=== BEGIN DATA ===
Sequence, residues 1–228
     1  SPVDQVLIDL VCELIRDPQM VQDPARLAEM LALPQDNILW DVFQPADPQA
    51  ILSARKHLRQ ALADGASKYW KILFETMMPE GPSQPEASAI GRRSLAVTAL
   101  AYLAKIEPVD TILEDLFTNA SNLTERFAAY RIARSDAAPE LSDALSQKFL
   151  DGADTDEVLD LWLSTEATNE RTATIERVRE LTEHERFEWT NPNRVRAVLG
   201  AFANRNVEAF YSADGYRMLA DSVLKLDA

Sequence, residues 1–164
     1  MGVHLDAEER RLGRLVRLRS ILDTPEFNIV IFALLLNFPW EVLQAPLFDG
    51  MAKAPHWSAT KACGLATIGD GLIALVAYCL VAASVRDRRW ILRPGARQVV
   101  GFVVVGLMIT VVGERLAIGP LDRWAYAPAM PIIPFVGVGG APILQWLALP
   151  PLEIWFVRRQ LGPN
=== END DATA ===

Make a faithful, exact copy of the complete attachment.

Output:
Sequence, residues 1–228
     1  SPVDQVLIDL VCELIRDPQM VQDPARLAEM LALPQDNILW DVFQPADPQA
    51  ILSARKHLRQ ALADGASKYW KILFETMMPE GPSQPEASAI GRRSLAVTAL
   101  AYLAKIEPVD TILEDLFTNA SNLTERFAAY RIARSDAAPE LSDALSQKFL
   151  DGADTDEVLD LWLSTEATNE RTATIERVRE LTEHERFEWT NPNRVRAVLG
   201  AFANRNVEAF YSADGYRMLA DSVLKLDA

Sequence, residues 1–164
     1  MGVHLDAEER RLGRLVRLRS ILDTPEFNIV IFALLLNFPW EVLQAPLFDG
    51  MAKAPHWSAT KACGLATIGD GLIALVAYCL VAASVRDRRW ILRPGARQVV
   101  GFVVVGLMIT VVGERLAIGP LDRWAYAPAM PIIPFVGVGG APILQWLALP
   151  PLEIWFVRRQ LGPN